I have massive ADD but found I can multitask. I have index cards and colored pilot petite pens from jetpens.com (no app works, maybe if I get a stylus or better voice recognition that works in noisy places). I list everything that has a deadline, urgent and important, then when my queue is empty, I look for one or more I can do or advance right then. I'm packing for a multimonth contract 2000+ miles away, so I have a lot. But when I think of something (oh, yea, those houseplants), I just jot a note. Or a quick circuit or code fragment.

Habits help, but forcing them doesn't. But I'm warming up. Many of my comments are in the morning where I now have a slow start habit and there is a pattern of misspellings since I'm using a tablet, typically m or n instead of an interword space. The other is at my evening meal - I eat once a day since going low-carb. Usually where they are playing trivia for gift cards so I have three hours. All that might change when I start the new contract, but I will get into those rythms (it is more rythm than habit).

I'm also more event than clock driven. If I happen to be in an area, I'll stop and pick up something if I think of it. But it is balanced. Normal rythms with syncopation.

Also, to Internet discussion, less is more. Yeas or nays are the least useful post. A new reason for either side, the more unexpected, the more welcome. Even better is the orthognal - not yea or nay, but something that cuts through or across to provoke thought on both sides. Clarification is also for small doses - at least on Vox's blogs. The audience usually gets your point and understands but doesn't agree.

tz said...

And the "Web page reader paid" app for Android, it is a bit clunky, but works well for the longer articles like the Deputy killer article Vox linked to.

LP 999/Eliza said...

I doubt people understand how much tv depresses them and takes away from personal care like sleep and gym time.

Vox said...

Please keep writing.

No problem. There is a new novel and a new novella coming out on Dec 2nd. SF, not fantasy, but still devoid of any sex with dead things and animals.

LibertyPortraits said...

What are a few of your favorite ereaders? I recently got a smartphone and it's easier to carry around with me than my Kindle.

RobertT said...

In my years in the corporate world, the benefit I came to appreciate the most was access to management seminars for senior executives. Predictably, many of them turned out to be the same old dribble designed to occupy the drones, but one of them, one I actually fought not to attend, a time management seminar turned out to be absolutely superlative and the foundation of my management style. I still have a clear cube I got at that class communicating different aspects of the main points made during the three day seminar. That cube sits on my table today (no one in my employ has desks due to that class) because it is one of my treasured possessions.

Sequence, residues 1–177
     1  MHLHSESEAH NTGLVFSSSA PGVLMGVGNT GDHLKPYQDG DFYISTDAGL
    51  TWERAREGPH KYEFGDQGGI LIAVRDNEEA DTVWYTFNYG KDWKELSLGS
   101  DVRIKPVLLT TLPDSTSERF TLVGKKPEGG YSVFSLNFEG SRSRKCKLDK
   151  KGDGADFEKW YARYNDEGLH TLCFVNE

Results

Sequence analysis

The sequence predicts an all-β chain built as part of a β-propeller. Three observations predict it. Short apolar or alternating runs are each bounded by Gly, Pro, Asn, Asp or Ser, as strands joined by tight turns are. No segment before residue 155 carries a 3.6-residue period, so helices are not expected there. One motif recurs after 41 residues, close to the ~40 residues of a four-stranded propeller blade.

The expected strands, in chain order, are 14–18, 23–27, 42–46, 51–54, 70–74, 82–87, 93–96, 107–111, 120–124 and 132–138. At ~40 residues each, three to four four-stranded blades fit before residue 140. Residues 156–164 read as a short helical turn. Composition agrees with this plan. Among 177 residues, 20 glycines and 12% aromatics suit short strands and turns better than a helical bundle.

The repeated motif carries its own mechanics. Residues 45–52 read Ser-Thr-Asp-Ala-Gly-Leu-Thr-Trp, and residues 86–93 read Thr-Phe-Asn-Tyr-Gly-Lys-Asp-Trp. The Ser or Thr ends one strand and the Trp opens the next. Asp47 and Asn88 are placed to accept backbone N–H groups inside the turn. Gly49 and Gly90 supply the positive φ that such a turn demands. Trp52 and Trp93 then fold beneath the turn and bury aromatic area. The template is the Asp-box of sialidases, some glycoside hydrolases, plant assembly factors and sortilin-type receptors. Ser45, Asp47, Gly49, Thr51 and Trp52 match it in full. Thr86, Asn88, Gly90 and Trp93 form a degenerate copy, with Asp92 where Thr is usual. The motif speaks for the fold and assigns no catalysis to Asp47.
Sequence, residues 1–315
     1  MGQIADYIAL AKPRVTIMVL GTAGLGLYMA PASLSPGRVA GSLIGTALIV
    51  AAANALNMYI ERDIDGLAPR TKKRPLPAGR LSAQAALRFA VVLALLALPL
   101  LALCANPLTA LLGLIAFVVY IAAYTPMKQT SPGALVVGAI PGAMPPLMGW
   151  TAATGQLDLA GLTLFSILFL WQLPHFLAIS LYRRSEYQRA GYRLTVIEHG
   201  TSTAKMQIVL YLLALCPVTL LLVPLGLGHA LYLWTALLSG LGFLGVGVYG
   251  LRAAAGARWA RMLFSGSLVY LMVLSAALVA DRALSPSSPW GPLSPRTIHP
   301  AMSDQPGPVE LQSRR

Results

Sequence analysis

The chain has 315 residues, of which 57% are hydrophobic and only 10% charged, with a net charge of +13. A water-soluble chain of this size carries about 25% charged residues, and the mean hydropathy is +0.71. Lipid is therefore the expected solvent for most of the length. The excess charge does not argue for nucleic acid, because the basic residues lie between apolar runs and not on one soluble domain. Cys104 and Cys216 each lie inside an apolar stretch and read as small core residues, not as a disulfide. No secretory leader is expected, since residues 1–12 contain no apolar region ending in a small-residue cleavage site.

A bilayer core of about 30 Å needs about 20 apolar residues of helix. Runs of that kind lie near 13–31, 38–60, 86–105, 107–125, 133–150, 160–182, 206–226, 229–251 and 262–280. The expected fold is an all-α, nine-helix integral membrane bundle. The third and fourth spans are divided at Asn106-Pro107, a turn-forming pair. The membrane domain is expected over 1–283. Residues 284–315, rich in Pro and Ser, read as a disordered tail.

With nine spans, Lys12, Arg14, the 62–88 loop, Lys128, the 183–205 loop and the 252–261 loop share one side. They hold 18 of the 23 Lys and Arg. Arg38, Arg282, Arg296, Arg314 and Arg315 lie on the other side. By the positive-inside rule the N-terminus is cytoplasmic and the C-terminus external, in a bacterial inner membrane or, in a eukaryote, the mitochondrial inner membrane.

Two very practical things stand out from that class.

The first was an understanding of this kind of situation, where I often found myself before this class - When a staff person is struggling with a difficult assignment and he comes to you for help, the common response of a busy manager is to say, "Leave it here and I'll take a look at it." Then in a couple of days when he sticks his head in your office door and asks, "How are you coming along with that problem?, " he's managing you. You are now in the subservient role and he is in the management role. So whatever monkey he carries into your office, make certain, he carries it back out when he leaves.

The other was the advice to remove any chairs from my office to prevent the biggest time waster of all, people coming in, sitting down and taking control of my time with their jabber. These will generally be your peers and superiors. It was considered very odd when I removed the chairs from my office, but if there's no place to sit, people don't tend to linger. I have the smallest office in my company with the least furniture. No one has desks or filing cabinets. This doesn’t seem so odd today, but before the internet, it was considered radical. The prominent feature of my office today is a trophy wall which is there for effect. Only my staff see it, but they know they aren't dealing with a lightweight.